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Rapid propagation techniques for potato cultivars

P.B. Goodwin1, Y.C. Kim2, T. Adisarwanto3 and G. Brow1

1 Department of Agronomy and Horticultural Science, University of Sydney, N.S.W. 2006.
Jean Buk Rural Development Office, Dong San-Dong, IRI-city, 510, Korea.
Faculty of Agriculture, Brawijaya University, Malang, Indonesia.

A limiting factor in the release of newly imported or bred potato cultivars is the build up of seed tuber material. In general only a few tubers are brought through quarantine, or are initially available from a breeding program. Multiplication in the field is slow - about tenfold per year. Hence, a number of years can pass before there is enough of a cultivar for field trials, let alone for commercial release.

We have developed a number of rapid propagation techniques. Two use aseptic propagation in culture - they are micro propagation techniques. The first, propagation in flasks using a shaker, will give at least 1500 shoot tips from one tuber in six months. The second uses Petri dishes without shaking, and gives similar multiplication rates. The tips are rooted and transferred to the field. Material multiplied by these techniques has given yields between 50% and 100% of those of tubers, when transplanted into the field.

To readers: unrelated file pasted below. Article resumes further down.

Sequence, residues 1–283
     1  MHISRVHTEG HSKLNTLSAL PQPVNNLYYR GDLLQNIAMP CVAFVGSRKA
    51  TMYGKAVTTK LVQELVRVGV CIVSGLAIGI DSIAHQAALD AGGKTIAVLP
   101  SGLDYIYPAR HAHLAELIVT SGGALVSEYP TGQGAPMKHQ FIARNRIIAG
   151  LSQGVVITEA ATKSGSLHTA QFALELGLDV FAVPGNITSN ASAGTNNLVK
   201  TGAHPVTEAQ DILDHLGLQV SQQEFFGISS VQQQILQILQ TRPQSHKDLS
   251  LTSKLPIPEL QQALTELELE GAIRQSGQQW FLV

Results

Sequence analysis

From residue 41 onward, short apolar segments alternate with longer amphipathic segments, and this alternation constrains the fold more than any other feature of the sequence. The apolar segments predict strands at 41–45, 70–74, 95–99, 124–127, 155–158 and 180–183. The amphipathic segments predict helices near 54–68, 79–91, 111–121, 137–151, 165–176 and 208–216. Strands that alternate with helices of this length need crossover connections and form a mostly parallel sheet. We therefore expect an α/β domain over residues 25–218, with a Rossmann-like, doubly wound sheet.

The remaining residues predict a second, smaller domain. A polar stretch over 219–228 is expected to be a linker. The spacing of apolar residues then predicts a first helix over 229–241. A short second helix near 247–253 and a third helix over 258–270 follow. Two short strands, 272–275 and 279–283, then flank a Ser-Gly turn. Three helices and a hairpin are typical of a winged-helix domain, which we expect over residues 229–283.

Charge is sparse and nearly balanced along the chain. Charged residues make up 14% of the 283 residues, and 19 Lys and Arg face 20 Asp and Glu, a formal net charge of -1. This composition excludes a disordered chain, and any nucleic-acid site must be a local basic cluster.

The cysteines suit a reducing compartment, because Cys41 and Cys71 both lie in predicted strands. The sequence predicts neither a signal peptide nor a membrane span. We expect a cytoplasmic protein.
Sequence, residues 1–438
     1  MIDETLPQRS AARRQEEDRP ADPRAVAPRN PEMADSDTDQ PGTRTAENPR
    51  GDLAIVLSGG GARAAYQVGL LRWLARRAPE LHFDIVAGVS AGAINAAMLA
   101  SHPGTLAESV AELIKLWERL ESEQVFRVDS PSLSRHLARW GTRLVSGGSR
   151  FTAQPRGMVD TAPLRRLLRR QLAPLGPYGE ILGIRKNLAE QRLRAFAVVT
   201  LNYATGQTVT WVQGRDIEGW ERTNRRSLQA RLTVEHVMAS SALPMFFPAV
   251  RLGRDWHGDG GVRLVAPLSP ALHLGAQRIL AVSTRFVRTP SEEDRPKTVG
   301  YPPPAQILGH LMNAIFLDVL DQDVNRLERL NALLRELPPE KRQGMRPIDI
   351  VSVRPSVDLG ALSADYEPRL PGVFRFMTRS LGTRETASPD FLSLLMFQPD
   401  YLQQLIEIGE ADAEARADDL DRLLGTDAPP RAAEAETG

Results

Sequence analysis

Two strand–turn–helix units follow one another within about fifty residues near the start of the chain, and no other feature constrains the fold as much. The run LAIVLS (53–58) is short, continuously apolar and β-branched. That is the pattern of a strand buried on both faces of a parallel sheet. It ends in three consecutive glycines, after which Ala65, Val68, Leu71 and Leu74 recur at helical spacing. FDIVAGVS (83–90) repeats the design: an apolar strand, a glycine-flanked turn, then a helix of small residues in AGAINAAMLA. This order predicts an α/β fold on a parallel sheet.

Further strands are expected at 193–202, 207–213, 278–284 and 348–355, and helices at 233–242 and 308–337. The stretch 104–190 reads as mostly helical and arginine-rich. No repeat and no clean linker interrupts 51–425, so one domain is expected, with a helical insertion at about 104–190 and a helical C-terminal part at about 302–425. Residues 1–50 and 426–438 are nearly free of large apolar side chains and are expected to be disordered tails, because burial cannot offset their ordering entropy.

The third technique uses glasshouse conditions. Nodal cuttings are taken from plants and rooted under humid conditions. Small plants grow from the axilliary buds and within 2 to 4 weeks these, and the original plants, are again cut to nodal cuttings. Seven cultivars have been successfully propagated, giving approximately 1000 nodal cuttings per tuber in three months, or potentially 106 nodal cuttings from one tuber in six months. Two field plantings of this material have been made, but both have failed, the first due to flooding, and the second due to extreme field temperatures immediately after transplanting. A third field planting has now been made, and is expected to perform as well as the micro propagated plants.

These techniques are seen as encouraging the rapid build up of new cultivars for field testing, and perhaps eventual release. In the tropical highlands the nodal cutting technique may replace conventional methods of seed potato propagation.

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